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No more facts4lance

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Lance Armstrong (RadioShack).

Lance Armstrong (RadioShack). (Image credit: Bettini Photo)
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Armstrong leads Hamilton in the 2003 Tour de France

Armstrong leads Hamilton in the 2003 Tour de France (Image credit: AFP)
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Lance Armstrong (RadioShack) during his final race.

Lance Armstrong (RadioShack) during his final race. (Image credit: Bettini Photo)

Lance Armstrong’s website has been taken down from public view with immediate effect after his legal team told Cyclingnews that there was ‘no need’ for it to remain up.

The website has been set up in a bid to discredit accusations made by Tyler Hamilton and Floyd Landis. The pair had each individually alleged that they had seen Armstrong take performance enhancing drugs during their stints with the US Postal team, while also accusing Armstrong, his former team boss Johan Bruyneel, and the sport’s governing body the UCI of covering up a positive EPO test from the 2001 Tour de Suisse.

Landis’s accusations were made in the May 2010, while Hamilton’s hit the front pages roughly a year later in an exposé interview with US show "60 Minutes."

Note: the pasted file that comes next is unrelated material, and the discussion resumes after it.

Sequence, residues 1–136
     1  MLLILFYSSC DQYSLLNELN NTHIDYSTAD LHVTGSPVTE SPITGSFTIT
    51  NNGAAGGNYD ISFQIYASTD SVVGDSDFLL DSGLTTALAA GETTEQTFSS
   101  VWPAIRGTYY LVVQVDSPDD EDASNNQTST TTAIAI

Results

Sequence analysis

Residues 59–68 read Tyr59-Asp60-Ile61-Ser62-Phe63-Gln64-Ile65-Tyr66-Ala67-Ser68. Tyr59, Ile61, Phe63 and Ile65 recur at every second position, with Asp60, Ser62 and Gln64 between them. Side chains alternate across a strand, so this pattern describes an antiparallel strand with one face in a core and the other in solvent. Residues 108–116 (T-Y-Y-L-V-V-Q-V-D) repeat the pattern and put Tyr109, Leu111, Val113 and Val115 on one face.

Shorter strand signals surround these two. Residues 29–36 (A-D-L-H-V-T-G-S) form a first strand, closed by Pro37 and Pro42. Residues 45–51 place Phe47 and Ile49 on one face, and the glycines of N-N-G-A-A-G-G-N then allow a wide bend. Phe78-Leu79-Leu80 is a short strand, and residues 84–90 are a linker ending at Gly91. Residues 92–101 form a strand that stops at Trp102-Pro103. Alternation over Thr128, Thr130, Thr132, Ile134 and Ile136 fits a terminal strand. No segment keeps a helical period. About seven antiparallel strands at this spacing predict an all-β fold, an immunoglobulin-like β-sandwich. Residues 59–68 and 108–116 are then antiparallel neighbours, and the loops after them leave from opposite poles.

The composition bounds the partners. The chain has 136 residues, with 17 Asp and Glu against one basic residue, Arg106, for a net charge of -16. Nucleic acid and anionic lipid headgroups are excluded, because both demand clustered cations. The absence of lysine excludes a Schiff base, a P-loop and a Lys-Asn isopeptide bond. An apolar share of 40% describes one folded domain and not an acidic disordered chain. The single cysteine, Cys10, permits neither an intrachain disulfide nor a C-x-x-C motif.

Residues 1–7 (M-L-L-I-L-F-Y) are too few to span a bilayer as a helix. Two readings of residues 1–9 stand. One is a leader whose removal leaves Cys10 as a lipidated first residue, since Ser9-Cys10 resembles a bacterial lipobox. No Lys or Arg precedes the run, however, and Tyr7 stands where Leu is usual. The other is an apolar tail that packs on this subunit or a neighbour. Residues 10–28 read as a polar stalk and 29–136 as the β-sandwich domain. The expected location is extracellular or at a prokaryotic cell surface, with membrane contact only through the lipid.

“Now that the heart of the "60 Minutes" story has been completely debunked by subsequent revelations, there's no need for the CBS-focused site any longer,” said Armstrong's lawyer, Mark Fabiani.

During the interview with "60 Minutes" Hamilton told the show that, "I saw him inject it [EPO] more than one time like we all did, like I did many, many times. He was the leader of the team. He doped himself like everybody else, being part of the culture of the sport."

When asked by "60 Minutes" reporter Scott Pelley about Armstrong's repeated statement that he'd never tested positive, Hamilton said, "I know he's had a positive test before...for EPO [at the] Tour of Switzerland, 2001."

Armstrong’s legal team reacted by writing a public letter in which they asked for an apology from the show’s producers CBS. The producers held firm, with Armstrong’s legal team now considering their options.

Asked if he was surprised by CBS’s response, Fabiani said, “No, because the host of the show, Scott Pelley, is the new CBS Evening News anchor, and it would have been very difficult for CBS to criticize Pelley – no matter how obvious the flaws in Pelley’s reporting, and in this case they were very obvious.

“The centrepiece of the '60 Minutes' allegation has now been completely destroyed, and we are evaluating all our options.”

However, the letter to CBS addressed the allegations surrounding the 2001 cover up, and did nothing to counter the allegations surrounding witnessed drug use.

“We addressed the general Hamilton allegation in our original statement, released on Thursday night, prior to the broadcast, when CBS Evening News featured Hamilton,” Fabiani said.

Armstrong has bolstered his legal team in recent weeks, adding John Keker and Elliot Peters of Keker & Van Nest LLP to the fold. The two new additions are directing the legal team. Other members of the team include Bob Luskin, Tim Herman, Mark Fabiani, and Bryan Daly.